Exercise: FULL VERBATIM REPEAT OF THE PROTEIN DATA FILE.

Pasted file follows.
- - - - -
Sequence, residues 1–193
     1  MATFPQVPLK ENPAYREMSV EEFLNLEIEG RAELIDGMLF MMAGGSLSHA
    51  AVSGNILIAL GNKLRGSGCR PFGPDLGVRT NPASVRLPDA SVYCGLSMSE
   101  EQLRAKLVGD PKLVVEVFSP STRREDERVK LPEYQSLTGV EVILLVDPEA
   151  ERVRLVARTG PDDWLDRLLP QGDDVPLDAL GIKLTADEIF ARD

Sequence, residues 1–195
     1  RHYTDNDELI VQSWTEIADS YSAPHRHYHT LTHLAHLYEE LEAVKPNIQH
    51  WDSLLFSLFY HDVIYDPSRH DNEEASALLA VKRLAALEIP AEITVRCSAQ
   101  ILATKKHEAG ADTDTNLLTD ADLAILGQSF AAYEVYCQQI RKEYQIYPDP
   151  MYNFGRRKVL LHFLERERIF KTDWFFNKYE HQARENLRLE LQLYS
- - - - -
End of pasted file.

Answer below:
Sequence, residues 1–193
     1  MATFPQVPLK ENPAYREMSV EEFLNLEIEG RAELIDGMLF MMAGGSLSHA
    51  AVSGNILIAL GNKLRGSGCR PFGPDLGVRT NPASVRLPDA SVYCGLSMSE
   101  EQLRAKLVGD PKLVVEVFSP STRREDERVK LPEYQSLTGV EVILLVDPEA
   151  ERVRLVARTG PDDWLDRLLP QGDDVPLDAL GIKLTADEIF ARD

Sequence, residues 1–195
     1  RHYTDNDELI VQSWTEIADS YSAPHRHYHT LTHLAHLYEE LEAVKPNIQH
    51  WDSLLFSLFY HDVIYDPSRH DNEEASALLA VKRLAALEIP AEITVRCSAQ
   101  ILATKKHEAG ADTDTNLLTD ADLAILGQSF AAYEVYCQQI RKEYQIYPDP
   151  MYNFGRRKVL LHFLERERIF KTDWFFNKYE HQARENLRLE LQLYS